Proposed $600 million Pigeon Falls Village in Tennessee
Includes 3 Hotels with 400 room Each and 800 Condos
|By Roger Harris, The Knoxville News-Sentinel, Tenn.|
Knight Ridder/Tribune Business News
May 8, 2005 - A group of Florida businessmen and investors will raise the curtain Monday on Pigeon Falls Village, a $600 million retail, recreation, entertainment, hotel and condominium project on the former Jake Thomas farm in Pigeon Forge.
The project would be built on 114 acres north of Teaster Lane and east of the Belz outlet shopping center. When completed the village would employ 2,000 to 2,500 full-time workers.
Two hundred business people and elected officials from the Pigeon Forge area have been invited to attend a presentation on the plan at 11:30 a.m. at the project site, said Michael McCall, president of Strategic Leisure Inc., the Maryland-based designers and developers of the village.
The project is owned by Pigeon Falls Village LLC, an Orlando, Fla.-based investors group.
The village will combine theme park and resort elements with entertainment and recreational facilities to create a "totally immersive Smoky Mountains experience" unlike any other project in Pigeon Forge, McCall said.
"We're both broadening and deepening the choices people have in Pigeon Forge," McCall said.
Pigeon Forge City Manager Earlene Teaster said the project would provide a significant boost to the local economy.
"It's a great project and it definitely will have a strong impact on the city economy. It can conceivably do for us what Dollywood has," Teaster said.
The principals of Pigeon Falls Village include Bernard Kaplan, the project's managing partner, and Alan Ginsburg and Lewis Shassain. The three businessmen also are among principals of Riverwalk Park LLC, which previously announced plans to build a retail and movie theater complex on another portion of the former Jake Thomas farm south of Teaster Lane.
Pigeon Falls Village and the Riverwalk Park projects have many of the same owners and will be complementary, but they are separate developments, McCall said.
Riverwalk Park LLC's previously announced project includes a so-called lifestyle center anchored by a $10 million, 12-screen movie theater owned by Marquee Cinemas Inc. of West Virginia.
As for Pigeon Falls Village, about half of the total capital investment, or about $300 million, will go into building resort-type lodging and privately-owned condos and related facilities such as parking garages, McCall said.
The site plan shows three hotels, each with about 400 rooms. In addition, the plan calls for 800 condos, which would sell for about $225,000 to $599,000.
Another $100 million has been budgeted for entertainment and recreation facilities, including a water park, a 70-foot manmade waterfall, a miniature golf course and an interactive entertainment facility called "Reality Play."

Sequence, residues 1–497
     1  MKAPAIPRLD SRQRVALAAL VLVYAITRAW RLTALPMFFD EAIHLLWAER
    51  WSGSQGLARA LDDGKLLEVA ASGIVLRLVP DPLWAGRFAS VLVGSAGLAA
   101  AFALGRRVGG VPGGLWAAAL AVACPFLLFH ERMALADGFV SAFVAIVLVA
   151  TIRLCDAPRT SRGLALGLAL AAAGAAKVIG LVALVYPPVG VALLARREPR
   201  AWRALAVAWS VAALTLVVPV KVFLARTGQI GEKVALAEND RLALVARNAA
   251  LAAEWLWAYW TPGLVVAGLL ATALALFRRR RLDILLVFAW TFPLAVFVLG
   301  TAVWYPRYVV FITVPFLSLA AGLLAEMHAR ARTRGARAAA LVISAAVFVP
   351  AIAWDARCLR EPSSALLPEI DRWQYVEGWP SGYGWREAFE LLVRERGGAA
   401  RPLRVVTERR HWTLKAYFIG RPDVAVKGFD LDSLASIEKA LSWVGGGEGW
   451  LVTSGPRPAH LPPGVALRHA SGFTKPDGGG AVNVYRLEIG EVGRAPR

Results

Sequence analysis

McCall described "Reality Play" as a "theatrical dramatic attraction" that uses high-tech digital production techniques to create the illusion of the audience being on stage.
"What happens is an actor comes out and as he or she starts telling a story the room becomes a reflection of that story and the audience gets the feeling of really being on stage and in the set. It's a very powerful experience. The room changes as the story evolves," McCall said.
"Reality Play" will be part of Reunion Rec Room, a so-called family entertainment facility, which also will offer bowling, billiards and other participatory games for adults and children.
About $150 million is earmarked for development of retail and restaurant buildings. Retail businesses that lease space in the village are expected to spend $50 million on tenant improvements, McCall said.
Everything in the village will be designed around a Smoky Mountains theme, said Bruce Laval, executive vice president with Strategic Leisure.
The intent is to immerse visitors in the mountain experience wherever they are and no matter what they're doing in the village, said Laval, who retired in 2001 from The Walt Disney Co.
Laval spent 30 years with Disney, most recently as executive vice president of operations planning and development for resorts and parks worldwide.
With its resort hotels, restaurants, shops, water park and other entertainment facilities, Pigeon Falls Village may seem a repeat of existing commercial development in the Pigeon Forge area, but it's not, Laval said.
The difference is Pigeon Falls Village "is all put together on a pedestrian scale in a contained thematic environment," Laval said.
In other words, visitors can walk to everything in the village instead of, say, hopping in the car after lunch and driving to the water park.
"Pigeon Forge is already a well-established tourist destination and what people want when the come there is the Smoky Mountains experience. What we're doing is further enhancing that experience," Laval said.
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Copyright (c) 2005, The Knoxville News-Sentinel, Tenn.
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